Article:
Dr Charles Tannock

Member of the European Parliament 1999 - 2019

EU-China relations

Delivered in Plenary - 13th March 2013

Mr President

The ECR has always acknowledged the PRC as a constructive and essential global partner, and I do hope that one day we will be able to welcome it into the family of nations as a peace-loving and democratic China, with full respect for human rights Ė a bit like Taiwan. For the time being however, it remains a one-party Communist dictatorship with an alarmingly dismissive attitude to the welfare of its own people.

Yet it cannot be ignored. The current crises in North Korea and Syria demonstrate the need for us to cooperate in the UN in the interests of global peace. In particular, China should no longer be able to act as a lone friend to pariah states from Sudan to the DPRK and train missiles at friendly nations, while simultaneously demanding full international respectability.

For this reason I welcome the reportís balanced stance. It appropriately considers the needs of Taiwan, whose friendship group I chair in this Parliament, particularly with regard to President Maís plan for the de-escalation of tensions in the East China Sea, where one false move could easily plunge China and Japan into a potentially catastrophic war. There are also important amendments on Tibet, whose people continue to be oppressed by a Chinese Government intent on destroying the Tibetan peopleís language and way of life.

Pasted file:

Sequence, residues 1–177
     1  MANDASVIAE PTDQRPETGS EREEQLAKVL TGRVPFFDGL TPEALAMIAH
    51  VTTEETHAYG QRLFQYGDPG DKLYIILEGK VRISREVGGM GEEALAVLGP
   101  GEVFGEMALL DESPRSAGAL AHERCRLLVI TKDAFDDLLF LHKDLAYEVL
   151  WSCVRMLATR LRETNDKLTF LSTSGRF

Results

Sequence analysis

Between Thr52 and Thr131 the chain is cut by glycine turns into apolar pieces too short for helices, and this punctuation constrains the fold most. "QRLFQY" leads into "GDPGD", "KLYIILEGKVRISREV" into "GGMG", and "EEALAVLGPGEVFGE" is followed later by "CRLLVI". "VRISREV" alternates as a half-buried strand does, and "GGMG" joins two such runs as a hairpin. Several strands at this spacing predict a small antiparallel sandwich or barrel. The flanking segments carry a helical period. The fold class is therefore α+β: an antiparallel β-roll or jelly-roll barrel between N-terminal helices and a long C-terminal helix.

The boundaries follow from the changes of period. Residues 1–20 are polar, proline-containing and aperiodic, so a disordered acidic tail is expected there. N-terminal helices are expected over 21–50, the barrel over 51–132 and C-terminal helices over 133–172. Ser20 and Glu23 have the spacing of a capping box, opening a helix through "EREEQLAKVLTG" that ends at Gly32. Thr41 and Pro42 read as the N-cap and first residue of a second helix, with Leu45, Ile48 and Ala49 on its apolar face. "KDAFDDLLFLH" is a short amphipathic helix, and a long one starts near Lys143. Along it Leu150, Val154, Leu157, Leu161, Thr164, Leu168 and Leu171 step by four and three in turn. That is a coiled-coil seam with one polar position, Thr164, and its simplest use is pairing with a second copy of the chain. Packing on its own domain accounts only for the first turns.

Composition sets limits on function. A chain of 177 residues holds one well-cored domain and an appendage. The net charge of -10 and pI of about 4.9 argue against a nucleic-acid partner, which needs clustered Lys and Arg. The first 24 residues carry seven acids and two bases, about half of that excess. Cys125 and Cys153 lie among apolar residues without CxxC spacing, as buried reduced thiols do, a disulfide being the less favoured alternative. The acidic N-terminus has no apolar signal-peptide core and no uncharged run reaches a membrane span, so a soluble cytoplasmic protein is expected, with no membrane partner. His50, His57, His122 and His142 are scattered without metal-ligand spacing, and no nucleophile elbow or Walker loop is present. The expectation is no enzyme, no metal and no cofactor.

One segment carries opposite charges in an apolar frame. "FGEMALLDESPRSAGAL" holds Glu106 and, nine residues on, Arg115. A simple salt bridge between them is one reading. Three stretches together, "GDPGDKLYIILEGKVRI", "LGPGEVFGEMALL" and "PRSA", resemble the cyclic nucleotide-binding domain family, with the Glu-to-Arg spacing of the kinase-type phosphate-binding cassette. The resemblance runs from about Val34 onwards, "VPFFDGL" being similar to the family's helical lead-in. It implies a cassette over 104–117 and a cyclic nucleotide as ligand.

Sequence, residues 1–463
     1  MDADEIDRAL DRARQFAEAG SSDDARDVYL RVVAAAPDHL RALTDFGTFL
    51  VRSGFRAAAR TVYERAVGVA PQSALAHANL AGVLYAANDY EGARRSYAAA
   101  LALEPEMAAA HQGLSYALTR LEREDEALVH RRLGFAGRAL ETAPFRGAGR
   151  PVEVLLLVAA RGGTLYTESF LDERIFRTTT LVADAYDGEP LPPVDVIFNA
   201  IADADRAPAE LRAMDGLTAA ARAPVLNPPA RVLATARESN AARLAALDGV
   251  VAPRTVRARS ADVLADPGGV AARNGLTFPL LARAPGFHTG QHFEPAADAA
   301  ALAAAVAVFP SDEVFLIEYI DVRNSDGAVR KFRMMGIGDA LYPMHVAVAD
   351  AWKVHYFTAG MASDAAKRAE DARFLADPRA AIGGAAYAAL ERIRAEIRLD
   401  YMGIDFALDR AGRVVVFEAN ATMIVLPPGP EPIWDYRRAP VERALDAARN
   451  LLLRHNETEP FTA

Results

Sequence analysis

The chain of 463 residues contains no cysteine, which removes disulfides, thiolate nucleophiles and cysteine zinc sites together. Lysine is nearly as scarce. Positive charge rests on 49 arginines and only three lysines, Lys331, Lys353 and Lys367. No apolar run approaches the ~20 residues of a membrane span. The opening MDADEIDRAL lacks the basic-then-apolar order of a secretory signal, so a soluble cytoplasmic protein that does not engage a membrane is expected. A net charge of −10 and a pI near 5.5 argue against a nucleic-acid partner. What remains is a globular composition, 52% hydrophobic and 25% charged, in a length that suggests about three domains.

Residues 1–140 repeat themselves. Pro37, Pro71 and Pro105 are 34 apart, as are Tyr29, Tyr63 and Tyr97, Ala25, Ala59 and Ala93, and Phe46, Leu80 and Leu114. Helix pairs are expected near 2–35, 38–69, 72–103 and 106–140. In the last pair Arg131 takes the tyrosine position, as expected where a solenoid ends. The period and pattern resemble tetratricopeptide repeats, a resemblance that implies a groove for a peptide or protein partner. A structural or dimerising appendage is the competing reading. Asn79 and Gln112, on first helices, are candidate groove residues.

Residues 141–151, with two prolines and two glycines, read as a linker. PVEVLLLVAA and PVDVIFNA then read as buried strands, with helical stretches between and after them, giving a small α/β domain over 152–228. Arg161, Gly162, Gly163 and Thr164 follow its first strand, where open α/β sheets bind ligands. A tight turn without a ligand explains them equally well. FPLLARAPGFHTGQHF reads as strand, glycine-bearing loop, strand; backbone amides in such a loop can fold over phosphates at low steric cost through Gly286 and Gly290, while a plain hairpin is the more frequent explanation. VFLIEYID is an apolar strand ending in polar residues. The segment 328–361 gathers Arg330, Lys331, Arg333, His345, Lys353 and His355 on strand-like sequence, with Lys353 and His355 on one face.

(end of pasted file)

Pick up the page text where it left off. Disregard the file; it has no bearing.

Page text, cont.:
China, with over two trillion dollars in reserve, also needs to observe high standards of corporate governance in Africa (I am the rapporteur for the Horn of Africa). We must ultimately hope that the ever more powerful Chinese state, which is now the European Unionís biggest trading partner, can prove to be a force for good in the world.
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